Because one of the things about social media for years and years and years has been behavioral economics. Twitter, Facebook, Instagram, those tools are designed to have people act a certain way and to have them value certain kinds of things like attention. The Fediverse doesn’t work like that. Mastodon as a short-form blogging platform doesn’t care about attention and doesn’t reward you for having more attention. I wonder, what does it really mean for society? Does it mean that people that are going to stop caring what a rando on the internet thinks? I don’t think that that’s a change that’s going to come very quickly because I think that the behavioral economics of social media platforms were based on capitalism anyway. But it is a ripe rabbit hole for philosophical discussion on how we as human beings behave, for sure.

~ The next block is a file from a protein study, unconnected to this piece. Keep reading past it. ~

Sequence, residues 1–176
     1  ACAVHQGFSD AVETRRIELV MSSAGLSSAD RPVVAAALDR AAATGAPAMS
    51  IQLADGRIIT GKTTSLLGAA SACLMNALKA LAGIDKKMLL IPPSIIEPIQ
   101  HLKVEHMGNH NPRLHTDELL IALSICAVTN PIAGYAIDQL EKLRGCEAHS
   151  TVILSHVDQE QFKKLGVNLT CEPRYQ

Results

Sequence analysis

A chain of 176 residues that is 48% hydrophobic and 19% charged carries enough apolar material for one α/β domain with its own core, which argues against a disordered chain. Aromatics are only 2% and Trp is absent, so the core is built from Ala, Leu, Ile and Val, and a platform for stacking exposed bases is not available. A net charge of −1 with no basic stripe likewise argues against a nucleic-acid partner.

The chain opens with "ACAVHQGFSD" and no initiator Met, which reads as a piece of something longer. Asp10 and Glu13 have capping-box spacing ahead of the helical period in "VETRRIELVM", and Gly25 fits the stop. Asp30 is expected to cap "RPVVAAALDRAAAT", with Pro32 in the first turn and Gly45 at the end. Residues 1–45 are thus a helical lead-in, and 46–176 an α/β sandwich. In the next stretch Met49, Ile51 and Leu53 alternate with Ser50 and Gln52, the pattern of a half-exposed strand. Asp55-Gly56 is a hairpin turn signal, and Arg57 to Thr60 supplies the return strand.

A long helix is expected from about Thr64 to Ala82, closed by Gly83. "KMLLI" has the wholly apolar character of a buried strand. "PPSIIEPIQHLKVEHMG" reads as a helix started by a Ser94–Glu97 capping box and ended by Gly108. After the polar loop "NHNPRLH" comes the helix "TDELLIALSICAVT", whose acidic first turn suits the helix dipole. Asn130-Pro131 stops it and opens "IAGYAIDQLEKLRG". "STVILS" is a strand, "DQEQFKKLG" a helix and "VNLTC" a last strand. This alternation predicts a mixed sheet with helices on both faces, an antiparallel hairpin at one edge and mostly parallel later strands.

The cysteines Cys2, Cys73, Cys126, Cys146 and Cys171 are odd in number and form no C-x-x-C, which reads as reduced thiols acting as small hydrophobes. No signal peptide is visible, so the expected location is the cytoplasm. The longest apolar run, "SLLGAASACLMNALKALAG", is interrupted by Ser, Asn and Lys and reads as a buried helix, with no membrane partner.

Laura Hilliger on the Fediverse

I think there’s lots of people making grand pronouncements about what it means for society and this and that and whatever. I don’t particularly want Mastodon to go mainstream, and that’s for two reasons. Firstly, because it would mean I have to go get out of there quickly. I remember seeing a bumper sticker years ago saying, if you’re not on the edge, you’re taking up too much room or something like that. That stuck with me in terms of my career and innovation and stuff. Chase the weird stuff. But secondly, Mastodon, as people are probably sick of me saying, Mastodon is not the Fediverse. It’s like saying, oh, are you on Gmail when actually you mean email? It’s one part of it. I’m experimenting with Pixel Fed, which is a bit like Instagram.